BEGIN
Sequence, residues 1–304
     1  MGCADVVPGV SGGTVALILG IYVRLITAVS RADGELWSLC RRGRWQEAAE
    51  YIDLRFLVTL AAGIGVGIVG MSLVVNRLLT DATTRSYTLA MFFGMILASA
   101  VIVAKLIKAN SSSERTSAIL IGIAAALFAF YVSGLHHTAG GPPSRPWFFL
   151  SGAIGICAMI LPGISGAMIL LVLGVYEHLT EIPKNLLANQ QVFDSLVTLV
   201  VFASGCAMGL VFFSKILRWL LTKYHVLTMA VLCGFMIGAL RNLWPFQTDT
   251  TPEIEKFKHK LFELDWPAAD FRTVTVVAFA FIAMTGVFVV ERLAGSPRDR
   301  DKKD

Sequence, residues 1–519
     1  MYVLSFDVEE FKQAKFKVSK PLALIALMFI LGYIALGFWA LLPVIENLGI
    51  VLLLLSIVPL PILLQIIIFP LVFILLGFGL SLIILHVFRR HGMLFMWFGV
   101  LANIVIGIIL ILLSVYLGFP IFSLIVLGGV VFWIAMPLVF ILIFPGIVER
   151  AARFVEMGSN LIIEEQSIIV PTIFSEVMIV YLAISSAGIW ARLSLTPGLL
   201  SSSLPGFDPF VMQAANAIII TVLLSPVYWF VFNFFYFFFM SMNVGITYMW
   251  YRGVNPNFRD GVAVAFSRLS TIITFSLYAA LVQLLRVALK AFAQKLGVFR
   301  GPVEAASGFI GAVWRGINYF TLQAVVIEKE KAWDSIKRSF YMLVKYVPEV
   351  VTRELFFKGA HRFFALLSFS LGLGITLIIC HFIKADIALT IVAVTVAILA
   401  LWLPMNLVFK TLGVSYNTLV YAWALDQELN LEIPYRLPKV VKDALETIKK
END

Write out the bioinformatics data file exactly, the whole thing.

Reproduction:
Sequence, residues 1–304
     1  MGCADVVPGV SGGTVALILG IYVRLITAVS RADGELWSLC RRGRWQEAAE
    51  YIDLRFLVTL AAGIGVGIVG MSLVVNRLLT DATTRSYTLA MFFGMILASA
   101  VIVAKLIKAN SSSERTSAIL IGIAAALFAF YVSGLHHTAG GPPSRPWFFL
   151  SGAIGICAMI LPGISGAMIL LVLGVYEHLT EIPKNLLANQ QVFDSLVTLV
   201  VFASGCAMGL VFFSKILRWL LTKYHVLTMA VLCGFMIGAL RNLWPFQTDT
   251  TPEIEKFKHK LFELDWPAAD FRTVTVVAFA FIAMTGVFVV ERLAGSPRDR
   301  DKKD

Sequence, residues 1–519
     1  MYVLSFDVEE FKQAKFKVSK PLALIALMFI LGYIALGFWA LLPVIENLGI
    51  VLLLLSIVPL PILLQIIIFP LVFILLGFGL SLIILHVFRR HGMLFMWFGV
   101  LANIVIGIIL ILLSVYLGFP IFSLIVLGGV VFWIAMPLVF ILIFPGIVER
   151  AARFVEMGSN LIIEEQSIIV PTIFSEVMIV YLAISSAGIW ARLSLTPGLL
   201  SSSLPGFDPF VMQAANAIII TVLLSPVYWF VFNFFYFFFM SMNVGITYMW
   251  YRGVNPNFRD GVAVAFSRLS TIITFSLYAA LVQLLRVALK AFAQKLGVFR
   301  GPVEAASGFI GAVWRGINYF TLQAVVIEKE KAWDSIKRSF YMLVKYVPEV
   351  VTRELFFKGA HRFFALLSFS LGLGITLIIC HFIKADIALT IVAVTVAILA
   401  LWLPMNLVFK TLGVSYNTLV YAWALDQELN LEIPYRLPKV VKDALETIKK